It was only one hour into working on the school project at Unity Centre, day one, when I dropped my trowel over the wall we were building, jumped over to get it, and then was accidentally dropped on some rebar by my brother as he was trying to help me get back up.
I’ll spare you the bloody pictures of my side, and my torn shorts that left my left bum cheek flapping in the breeze. That day though was nothing compared to the day of blood.
Eunice, headmaster of Unity Centre, had additional classrooms started from literally the ground up by World of Difference last year. This year we wanted to build the walls up higher, and give them a more suitable roof.
(The current roof was pieces of old tin tied together on sticks that lay on the top of the wall)
The week was one of the hardest I’ve worked in my years of going.
But day number four was one I’ll never forget. The day started by only a few of us going to Eunice’s ( maybe six, no more than eight people) to see what we could do to help the workers there. The rest of the group were at different projects. Eunice asked us to clean out all of the rocks, gravel, and sand that they had been storing in one of the classrooms. We went to work, back breaking work.
One heavy stone at a time, sometimes rolling the stones by pushing them with our feet, sometimes breaking the stones into smaller, movable pieces, we started to clear out the room.
 Eventually, the room started to clear. I had left to go speak to Eunice about the next step in our project. I remember hearing one of the team members yell over to me, ” I think your brother just got hit with a shovel…”
I looked around and saw my brother walking quickly to sit down, holding his hand to his head. I ran over to him, and saw a might knot forming next to his right eye, with a nasty half moon cut on his face. Immediately I grabbed him and we went to the van, and asked the driver to get out the first aid kit. As luck would have it, we rode in the van that had the first aid with hardly any supplies.
What I did have was a 2 x 2 gauze and some type of anti-bacterial ointment, but nothing to hold this onto his ever swelling and bleeding face. Instinctively, I grabbed my sweaty bandanna off my head, and tied it around my brother’s head to try and hold on the gauze and give some pressure to his wound.
I was freaking out, and thought we should probably take him to the hospital to get stitches, but he wouldn’t have anything to do with that. Looking back, I can’t really blame him. I sent a text from Eunice’s phone to our team leaders, as all calls were going straight to voice mail. I wanted them to know a team member was down. I wasn’t getting any response.
One of our team members with us was a Physical therapist, and he examined the head wound, and didn’t think stitches would be needed. We gave him something for the pain, and told him to rest in the van the remainder of the day.
Feeling very lucky that he wasn’t seriously hurt, the rest of us went back to work. A little while later, a second van arrived with more team members. This was good timing as we needed to move a load of 4 x 4 timbers into the classrooms so that they could be lifted up to start building the roof. My brother wasn’t about to sit around while we worked, and against my advice, continued to help at the work site.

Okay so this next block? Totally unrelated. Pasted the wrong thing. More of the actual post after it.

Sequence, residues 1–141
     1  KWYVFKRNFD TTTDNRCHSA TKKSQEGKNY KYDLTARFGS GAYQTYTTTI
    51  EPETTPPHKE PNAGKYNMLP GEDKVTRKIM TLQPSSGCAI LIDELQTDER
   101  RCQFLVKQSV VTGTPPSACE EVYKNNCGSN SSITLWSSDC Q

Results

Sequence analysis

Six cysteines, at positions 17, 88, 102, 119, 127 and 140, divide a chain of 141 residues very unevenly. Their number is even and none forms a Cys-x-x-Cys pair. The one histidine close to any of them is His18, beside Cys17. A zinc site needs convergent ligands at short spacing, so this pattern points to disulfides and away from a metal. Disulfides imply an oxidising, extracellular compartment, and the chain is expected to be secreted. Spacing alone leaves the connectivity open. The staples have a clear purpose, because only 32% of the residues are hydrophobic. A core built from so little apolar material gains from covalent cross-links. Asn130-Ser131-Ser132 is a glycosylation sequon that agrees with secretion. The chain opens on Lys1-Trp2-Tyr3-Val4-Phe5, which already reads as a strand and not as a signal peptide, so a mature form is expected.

His work ethic and commitment to the cause was something I’ll never forget.
As we were carrying the timber, I hear the words ” someone just had a piece of wood dropped on them!”
” You have got to be kidding me…”
I walked to where we were storing the pieces of timber, looking to see who got hurt. As I came to the last classroom, I was horrified by what I saw.
Team member Jill came stumbling out of the classroom with clotted dark blood covering her face and hands. She was shaking uncontrollably, white as a ghost. Her best friend Mary was holding her and trying to walk with her, looking like she was in just as much shock as Jill.
I could feel the “fight or flight” response kick in immediately. I ran to Jill, and Mary and I quickly got her into Eunice’s office. I was yelling for people to get me another first aid kit, water, and towels as Jill was seriously hurt. Luckily, the second van had a fully stocked kit.
Time went into a blur for the next little bit. Blood was everywhere. All I could do was keep my arms around Jill, holding her tight and telling her to breathe, that everything would be ok. Or maybe I was telling that to myself, trying to reassure me, as I wasn’t too sure….
Jill also would not be taken to a hospital. We cleaned the blood from her face, out of her eyes so she could see, and dressed the head wound the best we could. She looked like a victim of battle.
 I called the team leaders again to let them know that another team member had been seriously hurt. jD answered this time, calmed me down, and together we decided to have Jill go back to where we were staying, with some other team members, and we would further assess the situation.
I found out later that the first text I sent them about my brother wasn’t received until after the phone call I had telling them about Jill. They thought that he hurt himself after Jill, and called back to tell us all to stop working immediately before there weren’t any team members left.
The day of blood showed me the resiliency of our team. They were committed to making a difference, and their sacrifice was evidence of that. The day showed me how I can handle a crisis situation, and the love that we all have for each other, in good times and bad.
 It was a good thing that this was our last day of work though for a couple of days.  We all needed to relax and recover.

Wench, bring my ale, what say you?

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